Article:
The Delhi Police has appealed the Delhi High Court to overturn a special court judgement giving bail to Congress councillor Ishrat Jahan in connection with the February 2020 riots in North-East Delhi. She was arrested on February 26, 2020.
The case has been scheduled for hearing before a single judge bench led by Justice Anu Malhotra. On March 14, Ishrat was granted bail by the city’s Karkardooma Court. The police has challenged the said order, requesting that Ishrat’s bail be revoked.
In its appeal, Delhi Police claims that the lower court ignored the evidence and statements presented to it and issued an order “discarding the evidences which clearly made out a sinister plot of engineering mass-scale violent riots” in the national capital.
It was alleged that the time of the riots was carefully picked by Jahan and other co-conspirators to coincide with the visit of the American President in order to capture the attention of international media. The petition further contended that the lower court’s order was not only contrary to established law, but also contained flaws that went to the core of the matter.
“all the preparation of riots such as stocking of arms, stones etc were done in advance and upon the arrival of the American president under a deep-rooted conspiracy operating on various levels, in guise and under the cloak of right to protest disruptive chakka jam were organized, people from a particular community were gathered, indoctrinated, mislead by instilling fear in them that they would lose their citizenship if CAA was implemented and thus a super charged environment was created which forced the innocent to take arms into their hands.”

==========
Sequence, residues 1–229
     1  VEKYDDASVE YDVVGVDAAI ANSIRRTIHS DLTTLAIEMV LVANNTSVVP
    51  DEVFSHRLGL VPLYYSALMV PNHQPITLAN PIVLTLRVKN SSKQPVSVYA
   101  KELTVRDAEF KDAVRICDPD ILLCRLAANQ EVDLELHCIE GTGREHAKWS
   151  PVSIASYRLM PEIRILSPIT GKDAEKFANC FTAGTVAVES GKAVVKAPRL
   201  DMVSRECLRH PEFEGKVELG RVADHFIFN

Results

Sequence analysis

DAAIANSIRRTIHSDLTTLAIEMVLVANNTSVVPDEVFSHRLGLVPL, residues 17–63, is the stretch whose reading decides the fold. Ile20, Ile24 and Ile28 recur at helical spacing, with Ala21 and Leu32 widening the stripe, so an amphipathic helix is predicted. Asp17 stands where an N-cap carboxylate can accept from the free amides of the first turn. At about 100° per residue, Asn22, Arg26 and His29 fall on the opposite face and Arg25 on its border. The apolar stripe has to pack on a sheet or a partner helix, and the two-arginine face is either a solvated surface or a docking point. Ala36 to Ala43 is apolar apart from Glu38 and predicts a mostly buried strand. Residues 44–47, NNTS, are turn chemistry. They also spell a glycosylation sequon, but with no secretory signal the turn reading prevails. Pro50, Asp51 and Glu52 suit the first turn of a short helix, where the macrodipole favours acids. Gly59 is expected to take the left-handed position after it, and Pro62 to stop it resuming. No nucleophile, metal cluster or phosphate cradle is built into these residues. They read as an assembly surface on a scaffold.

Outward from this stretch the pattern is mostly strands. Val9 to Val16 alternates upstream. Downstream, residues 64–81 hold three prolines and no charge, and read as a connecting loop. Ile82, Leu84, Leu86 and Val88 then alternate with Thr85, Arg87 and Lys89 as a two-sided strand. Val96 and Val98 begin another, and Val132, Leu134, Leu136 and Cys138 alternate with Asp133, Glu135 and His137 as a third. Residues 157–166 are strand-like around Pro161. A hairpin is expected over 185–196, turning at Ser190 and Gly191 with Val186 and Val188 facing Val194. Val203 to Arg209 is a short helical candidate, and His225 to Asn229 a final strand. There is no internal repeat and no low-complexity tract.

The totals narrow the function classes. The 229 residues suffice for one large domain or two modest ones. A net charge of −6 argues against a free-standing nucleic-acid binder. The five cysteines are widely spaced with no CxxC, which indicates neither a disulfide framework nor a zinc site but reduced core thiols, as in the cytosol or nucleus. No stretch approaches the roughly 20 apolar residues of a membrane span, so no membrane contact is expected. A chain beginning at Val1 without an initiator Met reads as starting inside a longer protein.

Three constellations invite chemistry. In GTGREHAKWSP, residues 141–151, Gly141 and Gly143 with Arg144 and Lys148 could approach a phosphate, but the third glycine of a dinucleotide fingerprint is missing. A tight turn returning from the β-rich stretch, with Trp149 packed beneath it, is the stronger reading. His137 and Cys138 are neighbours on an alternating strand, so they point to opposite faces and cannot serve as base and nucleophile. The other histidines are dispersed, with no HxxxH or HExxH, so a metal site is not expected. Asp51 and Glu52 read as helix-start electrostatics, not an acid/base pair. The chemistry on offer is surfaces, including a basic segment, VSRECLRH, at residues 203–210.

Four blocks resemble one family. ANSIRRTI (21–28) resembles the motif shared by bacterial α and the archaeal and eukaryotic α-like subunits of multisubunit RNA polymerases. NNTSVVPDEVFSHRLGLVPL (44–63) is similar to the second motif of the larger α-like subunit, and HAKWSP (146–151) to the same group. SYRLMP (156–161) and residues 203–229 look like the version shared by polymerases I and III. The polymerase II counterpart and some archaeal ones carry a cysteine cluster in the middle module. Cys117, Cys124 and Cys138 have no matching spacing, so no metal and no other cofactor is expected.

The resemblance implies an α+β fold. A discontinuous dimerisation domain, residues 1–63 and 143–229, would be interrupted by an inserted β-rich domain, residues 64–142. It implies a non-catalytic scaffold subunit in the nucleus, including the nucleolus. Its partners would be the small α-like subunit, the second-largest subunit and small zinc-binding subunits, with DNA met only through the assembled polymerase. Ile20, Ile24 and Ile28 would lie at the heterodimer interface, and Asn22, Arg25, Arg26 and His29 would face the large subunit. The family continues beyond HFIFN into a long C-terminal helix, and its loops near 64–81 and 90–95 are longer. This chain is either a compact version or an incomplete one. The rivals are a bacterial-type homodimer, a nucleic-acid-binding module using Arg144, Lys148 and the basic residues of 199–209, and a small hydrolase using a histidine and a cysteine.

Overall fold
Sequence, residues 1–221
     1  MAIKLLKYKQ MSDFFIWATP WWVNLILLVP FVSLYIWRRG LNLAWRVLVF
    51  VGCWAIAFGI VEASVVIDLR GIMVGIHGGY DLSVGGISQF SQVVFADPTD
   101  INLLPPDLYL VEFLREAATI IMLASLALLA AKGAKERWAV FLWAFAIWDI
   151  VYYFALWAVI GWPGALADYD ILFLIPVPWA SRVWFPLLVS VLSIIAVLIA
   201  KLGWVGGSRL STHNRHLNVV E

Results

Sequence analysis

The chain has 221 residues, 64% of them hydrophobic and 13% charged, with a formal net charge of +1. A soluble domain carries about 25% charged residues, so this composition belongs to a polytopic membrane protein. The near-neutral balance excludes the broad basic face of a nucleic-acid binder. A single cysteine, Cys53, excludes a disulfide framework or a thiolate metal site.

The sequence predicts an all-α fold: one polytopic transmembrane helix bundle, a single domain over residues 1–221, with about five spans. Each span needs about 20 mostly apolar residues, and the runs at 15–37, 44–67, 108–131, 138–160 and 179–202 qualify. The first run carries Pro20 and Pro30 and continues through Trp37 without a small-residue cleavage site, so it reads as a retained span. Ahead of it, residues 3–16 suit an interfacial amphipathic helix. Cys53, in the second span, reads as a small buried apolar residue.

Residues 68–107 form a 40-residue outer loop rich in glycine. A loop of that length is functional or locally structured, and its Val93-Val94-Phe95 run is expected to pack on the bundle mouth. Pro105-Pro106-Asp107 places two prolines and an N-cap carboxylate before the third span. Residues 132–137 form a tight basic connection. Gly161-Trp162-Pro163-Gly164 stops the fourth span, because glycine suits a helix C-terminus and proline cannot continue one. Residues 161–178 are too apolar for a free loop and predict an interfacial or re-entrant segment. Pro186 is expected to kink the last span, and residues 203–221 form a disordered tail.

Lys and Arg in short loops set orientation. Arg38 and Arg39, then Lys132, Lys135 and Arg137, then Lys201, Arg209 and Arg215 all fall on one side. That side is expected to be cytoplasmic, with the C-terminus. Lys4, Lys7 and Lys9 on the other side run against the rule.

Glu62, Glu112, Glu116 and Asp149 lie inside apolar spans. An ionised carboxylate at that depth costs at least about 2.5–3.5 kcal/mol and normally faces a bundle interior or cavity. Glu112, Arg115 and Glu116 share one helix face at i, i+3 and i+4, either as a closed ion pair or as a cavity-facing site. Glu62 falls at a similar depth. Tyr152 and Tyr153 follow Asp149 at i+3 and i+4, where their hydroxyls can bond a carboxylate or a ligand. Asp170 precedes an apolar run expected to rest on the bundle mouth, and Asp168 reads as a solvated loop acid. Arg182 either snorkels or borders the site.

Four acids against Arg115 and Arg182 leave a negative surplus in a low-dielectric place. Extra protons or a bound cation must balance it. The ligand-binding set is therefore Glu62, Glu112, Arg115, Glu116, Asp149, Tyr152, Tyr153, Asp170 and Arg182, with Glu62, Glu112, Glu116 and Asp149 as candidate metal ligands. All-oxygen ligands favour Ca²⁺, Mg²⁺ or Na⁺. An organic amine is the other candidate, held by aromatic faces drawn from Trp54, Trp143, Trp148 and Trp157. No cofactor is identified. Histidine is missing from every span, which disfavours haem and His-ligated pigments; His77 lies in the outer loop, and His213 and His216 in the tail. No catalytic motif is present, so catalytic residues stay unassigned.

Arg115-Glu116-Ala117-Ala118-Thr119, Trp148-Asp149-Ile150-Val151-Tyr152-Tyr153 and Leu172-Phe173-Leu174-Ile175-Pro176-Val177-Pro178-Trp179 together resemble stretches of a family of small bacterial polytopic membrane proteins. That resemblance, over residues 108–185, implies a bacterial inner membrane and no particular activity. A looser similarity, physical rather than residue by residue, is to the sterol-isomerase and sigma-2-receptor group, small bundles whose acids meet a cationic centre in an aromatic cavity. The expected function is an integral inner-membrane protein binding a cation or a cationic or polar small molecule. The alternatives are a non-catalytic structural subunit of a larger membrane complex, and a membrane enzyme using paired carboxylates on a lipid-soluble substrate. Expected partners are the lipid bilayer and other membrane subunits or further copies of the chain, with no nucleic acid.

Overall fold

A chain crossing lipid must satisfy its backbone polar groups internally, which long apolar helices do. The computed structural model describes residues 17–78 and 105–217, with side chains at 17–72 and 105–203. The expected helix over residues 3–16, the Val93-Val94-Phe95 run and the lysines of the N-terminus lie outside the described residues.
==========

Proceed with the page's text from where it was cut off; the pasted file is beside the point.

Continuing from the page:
Jahan was detained in March 2020 in connection with the Delhi Riots case for alleged violations of the Indian Penal Code, the Prevention of Damage to Public Property Act, the Arms Act, and the Unlawful Activities Prevention Act (UAPA).
She had later filed a bail application with the Special Court. The Trial Court granted bail to Ishrat Jahan, noting that there was no allegation in the chargesheet that she was physically present in the North East Delhi regions during the February 2020 riots, nor that she was a member of any organisation or WhatsApp group that was part of the alleged conspiracy.
According to the chargesheet, Jahan was participating in a protest site at Khureji, which was one of the protest sites against CAA and NRC, although it was not located in North-East Delhi, where the riots occurred. The Court ruled that it did not appear to be “contiguous to North-East Delhi.”
According to the prosecution’s argument, the accused engaged in a deliberate conspiracy to incite riots in North East Delhi.
The prosecution had challenged the plea’s maintainability, claiming that a plea submitted under Section 439 of the Code of Criminal Procedure (CrPC) could not be heard by a special court.
During a previous hearing, Special Public Prosecutor Amit Prasad said that Jahan was in contact with other accused with whom she had no connection, and that this was done solely to achieve the goal of rioting.
FIR 59/2020 filed against Jahan includes serious allegations such as Sections 13, 16, 17, 18 of the UAPA, Sections 25 and 27 of the Arms Act, and Sections 3 and 4 of the Prevention of Damage to Public Property Act, 1984, as well as other offences under the Indian Penal Code, 1860.
In July of last year, the Delhi High Court denied the former Congress Councillor’s petition challenging the extension of time to complete the inquiry in the case against her.
Case Title: Ishrat Jahan vs State